Frank's IPSC Page
Hi, I used to have enough free time to participate in this great sport wich I love very much. For now this is my tribute to the over 3 years I was an active shooter.
IPSC Stands for International Practical Shooting Confederation. If you want more detailed/technical information regarding this sport please click on the IPSC logo.
IPSC is the governing body of the sport of Practical Shooting which basically consists in the use of high power handguns to engage many targets which are arranged in non specific positions taking the least amount of time. As you see the three key aspects of this sport are Power, Precision and Speed. I'm not an active shooter now, but was very into the sport a few years back.This is a fun sport which requires very good hand eye coordination, high speed thinking abilities and a some physical condition. The handguns used can be pistols or revolvers in the following caliber's: 9mm, 10mm, 38cal, 357cal, 40cal, 45cal, etc.
The Power of the load is calculated by multiplying the bullet weight by the muzzle speed which gives the Power factor. There are two categories of factors which are minor and major. This is important since the points awarded by non center hits on the targets get scored differently depending on the factor you are shooting.As a reference any off the shelf 9mm or 38cal round is a minor as opposed to any 10mm round which is major. Of course almost 95% of us reload our ammo for two reasons: economy and Power factor control, which means we can basically load any round starting from 9mm as either a minor or major round (safety precautions taken of course). Nowadays if you can build or buy a decent handgun you should be shooting major loads. I started shooting minor since I only had a Glock 19 9mm pistol which is not safe for shooting major loads. Later I built a Paraordnance 1911 also chambered to 9mm but with a modification in the chamber which allowed the use of 9mm major loads which are simply a standard 9mm case with a lot of powder and a heavy bullet. The chamber modification is required so the extra long bullet can fit correctly inside the chamber and consists in removing a few millimeters of the strands just in front of the chamber.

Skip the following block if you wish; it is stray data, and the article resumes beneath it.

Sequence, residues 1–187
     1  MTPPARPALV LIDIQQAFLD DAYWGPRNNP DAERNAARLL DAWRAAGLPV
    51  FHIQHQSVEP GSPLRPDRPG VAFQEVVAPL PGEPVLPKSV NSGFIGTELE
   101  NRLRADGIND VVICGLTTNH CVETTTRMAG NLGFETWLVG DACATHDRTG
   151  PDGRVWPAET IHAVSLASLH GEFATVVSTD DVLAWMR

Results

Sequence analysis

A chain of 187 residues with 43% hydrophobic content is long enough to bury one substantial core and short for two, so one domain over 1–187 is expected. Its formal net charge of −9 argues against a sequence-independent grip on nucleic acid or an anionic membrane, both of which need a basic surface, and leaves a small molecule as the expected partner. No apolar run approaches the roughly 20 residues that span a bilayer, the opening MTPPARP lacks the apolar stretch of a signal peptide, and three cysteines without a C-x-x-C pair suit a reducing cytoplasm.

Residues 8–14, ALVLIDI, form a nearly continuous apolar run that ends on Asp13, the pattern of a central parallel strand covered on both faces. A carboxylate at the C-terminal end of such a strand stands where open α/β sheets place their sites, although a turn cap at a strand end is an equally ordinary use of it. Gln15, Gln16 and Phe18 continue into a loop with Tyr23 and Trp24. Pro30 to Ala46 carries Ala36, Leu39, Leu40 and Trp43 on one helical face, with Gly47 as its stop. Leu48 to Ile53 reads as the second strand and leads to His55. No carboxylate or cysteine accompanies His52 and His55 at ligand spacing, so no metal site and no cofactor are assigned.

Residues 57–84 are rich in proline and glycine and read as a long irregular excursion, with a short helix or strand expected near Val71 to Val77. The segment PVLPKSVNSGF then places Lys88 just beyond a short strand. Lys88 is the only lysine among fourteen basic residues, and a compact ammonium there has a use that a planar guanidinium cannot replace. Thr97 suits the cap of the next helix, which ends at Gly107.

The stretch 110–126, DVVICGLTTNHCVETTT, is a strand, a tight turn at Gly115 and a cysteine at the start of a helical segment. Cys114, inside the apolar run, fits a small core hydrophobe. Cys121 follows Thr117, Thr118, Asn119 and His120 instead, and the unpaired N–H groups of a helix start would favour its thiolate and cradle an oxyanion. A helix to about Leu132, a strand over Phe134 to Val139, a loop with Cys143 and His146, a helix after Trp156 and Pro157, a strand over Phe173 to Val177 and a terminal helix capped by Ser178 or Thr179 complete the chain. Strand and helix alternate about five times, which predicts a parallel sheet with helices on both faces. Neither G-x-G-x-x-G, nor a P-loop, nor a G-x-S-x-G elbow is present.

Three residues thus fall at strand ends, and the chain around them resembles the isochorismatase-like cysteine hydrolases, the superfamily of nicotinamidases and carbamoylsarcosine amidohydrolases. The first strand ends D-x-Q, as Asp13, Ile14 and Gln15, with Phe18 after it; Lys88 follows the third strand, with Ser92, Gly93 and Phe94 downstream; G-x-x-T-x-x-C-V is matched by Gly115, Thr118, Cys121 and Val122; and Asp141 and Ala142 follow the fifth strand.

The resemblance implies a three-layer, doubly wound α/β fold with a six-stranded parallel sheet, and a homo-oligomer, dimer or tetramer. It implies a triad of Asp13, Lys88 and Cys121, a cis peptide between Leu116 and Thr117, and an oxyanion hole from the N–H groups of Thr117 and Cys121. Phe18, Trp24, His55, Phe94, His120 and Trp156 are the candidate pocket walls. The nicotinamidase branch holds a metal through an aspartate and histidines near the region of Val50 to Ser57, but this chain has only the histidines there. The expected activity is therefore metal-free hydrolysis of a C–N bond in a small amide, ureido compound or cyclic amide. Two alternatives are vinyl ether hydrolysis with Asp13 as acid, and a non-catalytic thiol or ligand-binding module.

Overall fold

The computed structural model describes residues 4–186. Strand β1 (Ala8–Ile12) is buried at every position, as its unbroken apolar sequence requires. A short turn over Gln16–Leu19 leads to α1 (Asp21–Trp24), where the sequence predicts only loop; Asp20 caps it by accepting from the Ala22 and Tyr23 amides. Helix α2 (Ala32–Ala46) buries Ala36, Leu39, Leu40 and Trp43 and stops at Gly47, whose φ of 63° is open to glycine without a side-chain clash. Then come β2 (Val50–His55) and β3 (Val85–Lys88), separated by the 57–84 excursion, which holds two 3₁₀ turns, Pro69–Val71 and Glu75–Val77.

Precision is very important as with all shooting sports, but not the most important factor. The targets used are basically two types: cardboard and metallic. The cardboard targets are divided in four zones and the metallic targets only require knocking them down to achieve full score. The scoring on the cardboard targets is done accounting only the two best hits and with a minimum of two hits per target. If only one hit is present on a target you will be penalized 10 points on it for the miss besides losing a posible 5 points for an A hit (more on this later).
These are the official IPSC targets:
As you see, the A hit scores 5 points for both power factors but other hits punish the use of minor by subtracting one point for each hit.
Speed is the third aspect of our sport since the score achieved on a stage is then divided by the time taken to complete it which gives you your stage factor. This means that, for example, a stage shot with 100 points in 20 seconds gives you a 5.0 factor and the same stage shot with 90 points in 15 seconds gives you a 6.0 factor which means the second shooter wins even though he did not have as good precision as the first. So this is the heart of this sport. You must balance accuracy and speed in order to achieve the highest stage factor. On some stages you can press on speed and lose some accuracy while in others you must do the contrary. This depends on the stage layout and your personal abilities.
This is a very good example of a match:
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